“While freight trains reduce the number of large trucks on our congested highways, they also block traffic at crossings – for more than two hours a day at some crossings – and can result in deadly crossing collisions. These impacts were and remain, quite frankly, unacceptable,” said Montebello Councilman and ACE Board Chairman Jack Hadjinian. Southern California is the nation’s leading trade gateway and inland corridor.
Hadjinian accepted the Henry Reining Outstanding Organization Award on behalf of the agency at the annual awards luncheon yesterday of the Southern California Chapter of the America Society for Public Administration (ASPA). The award has been presented annually since 1964 and past recipients include numerous Southland cities, the League of California Cities, the Los Angeles Police Department, Habitat for Humanity LA, and other public and nonprofit organizations.
Established in 1998, ACE is charged with funding and constructing 20 rail-roadway grade separations, where the road goes under or over the railroad, at the most congested and hazardous crossings in the San Gabriel Valley, and safety improvements at the remaining at-grade crossings. More than $1.65 billion in transportation grant funding has been secured for the ACE program and ACE recently opened its ninth grade separation to traffic. Seven grade separations are in active construction and another four grade separations are in design.
Others recognized at the ASPA luncheon include Los Angeles County Metro CEO Phil Washington (Tom Bradley Equal Opportunity Award); Glendale City Council (Winston Crouch Award for Innovation in Government); Los Angeles County Director of Personnel Lisa Garrett (Clarence A. Dykstra Award for Excellence in Government) and ACE Government and Community Relations Director Paul Hubler (Will Baughman Chapter Development Award).
SANDAG Board Puts Measure on November Ballot
Elected officials countywide who make up the San Diego Association of Governments (SANDAG) Board of Directors voted this month to place a countywide measure on the November 2016 ballot to raise funds to repair roads, relieve highway congestion, improve transit and bike/pedestrian networks, conserve open space and manage land to reduce wildfire risk.
The “San Diego County Road Repair, Transit, Traffic Relief, Safety and Water Quality Measure” is expected to generate $18 billion in dedicated local revenue.
“What we approved today will benefit not just this generation but our children and our grandchildren,” said SANDAG Chair and County Board of Supervisors Chair Ron Roberts. “If we are going to prosper as a region and maintain our quality of life, we need to invest in our infrastructure, our mobility, and our environment with a dedicated source of local revenue – money that Sacramento can’t take away.”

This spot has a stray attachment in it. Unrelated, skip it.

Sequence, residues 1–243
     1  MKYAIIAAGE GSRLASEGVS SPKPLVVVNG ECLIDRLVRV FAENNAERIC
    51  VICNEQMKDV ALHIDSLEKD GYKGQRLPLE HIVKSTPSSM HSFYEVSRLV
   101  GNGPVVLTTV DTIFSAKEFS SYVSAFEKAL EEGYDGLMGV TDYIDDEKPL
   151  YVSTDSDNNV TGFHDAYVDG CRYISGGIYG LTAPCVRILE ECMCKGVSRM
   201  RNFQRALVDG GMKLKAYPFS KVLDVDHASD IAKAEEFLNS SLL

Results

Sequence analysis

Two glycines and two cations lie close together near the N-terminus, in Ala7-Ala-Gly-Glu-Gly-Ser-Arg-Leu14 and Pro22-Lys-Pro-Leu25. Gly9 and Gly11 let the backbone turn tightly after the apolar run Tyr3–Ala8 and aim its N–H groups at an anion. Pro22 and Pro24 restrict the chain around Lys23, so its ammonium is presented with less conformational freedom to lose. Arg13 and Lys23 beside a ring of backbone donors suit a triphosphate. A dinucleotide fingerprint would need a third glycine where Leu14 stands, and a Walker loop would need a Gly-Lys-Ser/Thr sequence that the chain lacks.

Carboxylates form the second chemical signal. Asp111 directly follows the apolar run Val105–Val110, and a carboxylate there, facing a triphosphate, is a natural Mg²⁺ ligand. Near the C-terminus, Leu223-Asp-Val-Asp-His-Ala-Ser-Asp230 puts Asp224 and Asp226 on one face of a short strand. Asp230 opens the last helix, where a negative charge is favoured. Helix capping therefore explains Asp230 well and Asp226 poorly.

If approved by two thirds of the voters in the region, the measure would increase the sales tax by half a penny over the next 40 years.
Below is a breakdown of the major expenditure categories included in the Ordinance and Expenditure Plan approved by the SANDAG Board:
- $4.3 billion for local infrastructure projects benefiting all 18 cities and unincorporated communities in the County of San Diego. These funds can be used to fix potholes; build streets, sidewalks, and bike paths; implement climate action plans; address shoreline erosion; and clean up storm water runoff pollution. Funds would be distributed to individual jurisdictions based on population proportion.
- $2.6 billion for highways, carpool/managed lanes, and connectors along the I-5, I-8, SR 78, SR 67, SR 56, SR 52, and SR 94, as well as freeway connectors between I-5/SR 56, I-5/SR 78, I-15/SR 78, SR 52/I-805, SR 94/I-15, SR 94/I-805, I-805/SR 15, and SR 94/SR 125.
- $7.5 billion to build and operate transit, including a new Trolley line from San Ysidro to Kearny Mesa; more than a dozen new Rapid routes to provide fast and frequent transit services; and increased frequencies and hours of operation for the Trolley system, COASTER, and local bus routes.
- $2 billion for open space to acquire sensitive habitat to implement the region‘s habitat conservation plans and to better manage preserved open space to reduce wildfire risk.
- $540 million for active transportation to build new bike lanes, sidewalks, and crosswalks, and projects such as underpasses that separate trains and Trolleys from bike and pedestrian crossings.
- $900 million to separate Trolley/rail tracks from vehicle traffic which would improve vehicle and pedestrian safety, as well as efficiency of transit services.
- $178 million for local arterial traffic synchronization to improve traffic signal timing to reduce stop-and-go traffic on major streets.
The Ordinance contains several important provisions:
- 15-year commitment: The Ordinance commits SANDAG to use its best efforts to complete projects in the Priority Corridors Program within 15 years.
- Voter mandate: The Ordinance safeguards the projects included in the Priority Corridors Program, ensuring funding for these projects can’t be removed without a vote of the people.
- Local jobs: The measure sets a goal to use 80 to 100 percent San Diego County workers on construction projects funded by the measure, where allowed by law, and requires a skilled and trained workforce to perform the work.
- Accountability: An independent taxpayer oversight committee would oversee the expenditure of funds raised by the tax measure to ensure that voter mandates are carried out, and funds are spent in a responsible and transparent manner.
To learn more, visit sandag.org/priorities – a one-stop resource for information about the measure, including an interactive map that shows project locations and descriptions.
Transportation Events in the Community
Monday, Sept. 12
CMAA SoCal: Golf Classic
Thursday, Sept. 15
WTS-SD: Annual Awards & Scholarship Gala
Tuesday, Oct. 4
AAa/e: Annual Awards Banquet
Self-Help Counties Coalition: Focus on the Future, Hollywood
Thursday, Jan. 19
WTS-IE: Annual Dinner